Given that it’s the home airport of Cathay Pacific and an important hub for parent company oneworld, it comes as no surprise that Hong Kong International houses multiple outstanding lounges for passengers traversing the globe. Spread throughout one of the largest air travel terminals in the world (the largest when it opened in 1998) are a total of seven Cathay Pacific lounges: two first class, four business and one specifically for arrivals. Regardless of which class of service you’ve chosen for your trip, what part of the terminal your flight is departing from or your oneworld status, each lounge has been imbued with its own attractive qualities so you won’t find yourself feeling underwhelmed if you’re not posted up at the recently renovated first class lounge The Wing or the expansive 35,585-square-foot business class section of The Pier.
Take The Bridge for example, one of Cathay’s newer lounges. Designed by London-based firm Foster + Partners, the space is divided into north and south wings that each extend from a central welcome area. With plenty of natural light and warm tones throughout, The Bridge offers respite from the cold, stark environments that dominate the world of air travel. Brass and oak accents, wood floors, and bronze sculptures by Charlotte Mayer all contribute to the residential feeling of the lounge. Where The Wing feels very much like a public space trying to be exclusive, The Bridge feels understated and personal.
With The Bridge, the airline incorporates multiple zones into a single larger lounge rather than have separate lounges. This translates to an overall improved lounge experience for business and first class passengers alike. At one end, travelers will find the all-important bar, buffet and baked goods. The bar is a second iteration of Cathay’s iconic Long Bar found in the The Wing, and offers a great view of the goings-on of the tarmac. Adjacent to the Long Bar there’s a television lounge, general seating and (if you need a little more privacy) Cathay’s signature, curved Solus Chairs—also designed by Foster + Partners. These chairs feature an integrated power supply and small table surface. At the south end there are computer workstations, a second buffet (called The Bistro) and The Coffee Loft which offers fresh baked goods and various coffee options.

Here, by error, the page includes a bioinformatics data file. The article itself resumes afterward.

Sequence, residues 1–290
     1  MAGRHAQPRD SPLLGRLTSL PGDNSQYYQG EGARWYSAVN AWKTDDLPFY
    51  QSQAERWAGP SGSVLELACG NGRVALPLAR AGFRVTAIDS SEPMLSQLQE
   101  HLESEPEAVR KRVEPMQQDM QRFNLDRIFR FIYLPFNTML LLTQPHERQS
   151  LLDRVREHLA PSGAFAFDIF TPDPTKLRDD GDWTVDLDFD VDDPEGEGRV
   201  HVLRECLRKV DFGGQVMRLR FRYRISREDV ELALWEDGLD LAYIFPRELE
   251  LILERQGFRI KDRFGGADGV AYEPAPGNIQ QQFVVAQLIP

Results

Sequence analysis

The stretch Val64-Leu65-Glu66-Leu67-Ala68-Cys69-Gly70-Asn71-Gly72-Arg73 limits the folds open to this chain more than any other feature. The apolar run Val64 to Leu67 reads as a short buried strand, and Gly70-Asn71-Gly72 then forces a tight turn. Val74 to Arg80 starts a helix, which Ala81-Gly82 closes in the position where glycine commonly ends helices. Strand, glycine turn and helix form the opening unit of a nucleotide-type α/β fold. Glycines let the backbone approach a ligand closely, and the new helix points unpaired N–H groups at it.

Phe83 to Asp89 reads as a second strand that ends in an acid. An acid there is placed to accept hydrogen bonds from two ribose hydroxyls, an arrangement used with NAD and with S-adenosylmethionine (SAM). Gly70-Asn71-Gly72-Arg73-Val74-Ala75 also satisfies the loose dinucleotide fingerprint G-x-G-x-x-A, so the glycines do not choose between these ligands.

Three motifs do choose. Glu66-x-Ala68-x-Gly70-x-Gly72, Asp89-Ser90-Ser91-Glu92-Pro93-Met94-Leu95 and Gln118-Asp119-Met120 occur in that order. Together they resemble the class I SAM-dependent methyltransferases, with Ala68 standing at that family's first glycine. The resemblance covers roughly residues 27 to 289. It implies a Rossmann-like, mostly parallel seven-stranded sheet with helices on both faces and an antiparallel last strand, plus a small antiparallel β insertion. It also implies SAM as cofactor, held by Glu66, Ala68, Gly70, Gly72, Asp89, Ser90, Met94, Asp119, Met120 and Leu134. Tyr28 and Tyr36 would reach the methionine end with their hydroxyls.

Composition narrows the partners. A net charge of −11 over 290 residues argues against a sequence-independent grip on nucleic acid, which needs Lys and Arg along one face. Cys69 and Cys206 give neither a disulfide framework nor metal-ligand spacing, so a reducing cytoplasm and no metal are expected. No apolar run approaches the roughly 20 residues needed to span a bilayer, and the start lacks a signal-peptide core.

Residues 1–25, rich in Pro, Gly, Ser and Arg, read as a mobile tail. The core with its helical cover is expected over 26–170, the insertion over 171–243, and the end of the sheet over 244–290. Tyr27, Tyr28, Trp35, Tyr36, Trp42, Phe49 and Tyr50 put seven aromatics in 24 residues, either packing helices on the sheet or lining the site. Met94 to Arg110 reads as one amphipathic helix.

The Pier is perhaps the most impressive of the airline’s lounges at Hong Kong International. Comprised of two separate areas, The Pier is a relatively small first class section that carries over many of the themes from The Bridge—offering up an aesthetic that’s enticing and comfortable, thanks to plants, natural materials, mellow lighting and soft acoustics.
In the first class section of The Pier, the focus on relaxation and wellbeing is utmost. There are eight private day suites, 14 shower rooms (complete with Aesop products) and three private booths where travelers can book one of three complimentary 15-minute revitalizing treatments. From the Traveller Eye Revitalizer treatment to massages, the options are short but luxurious.
After a treatment, it’s all too easy to sink into a couch in The Library, but the noodle bar and tea house in the business class section of The Pier will also beckon. Having first installed a noodle bar at Cathay Pacific’s lounge at Tokyo Haneda Airport, Studioilse thought it only appropriate that Cathay’s largest lounge anywhere in the world should have one as well. While enjoying fresh noodles here, it’s very easy to forget you’re in a busy airport and not on a side street on Hong Kong Island. This state of mind is further amplified in the room next door, where an authentic tea house offers exclusive teas from all around Asia. At the end of the lounge lies a space for meditation, stretching and yoga that is appropriately dubbed The Sanctuary.
Cathay took many of The Pier’s standout elements and condensed them into their latest lounge offering: The Deck. Making the most of the 8,858 square feet it occupies, The Pier boasts seating for 180 people, a mini version of the signature noodle bar, eight rainfall shower suites and the same contemporary living room styling of The Library. However this wouldn’t be a Cathay Pacific lounge if it didn’t have one unique feature and in this case it is The Terrace, an open-ceiling balcony offering panoramic views of the northern runway, apron and taxiways.
The Deck is a microcosm of what Cathay Pacific’s overall mission: create travel experiences that allow people to relax and appreciate the journey a little more. With its many lounges and options, the airline is offering environments people actually want to be in. No small feat when it comes to airports.
Images by Andrew Maness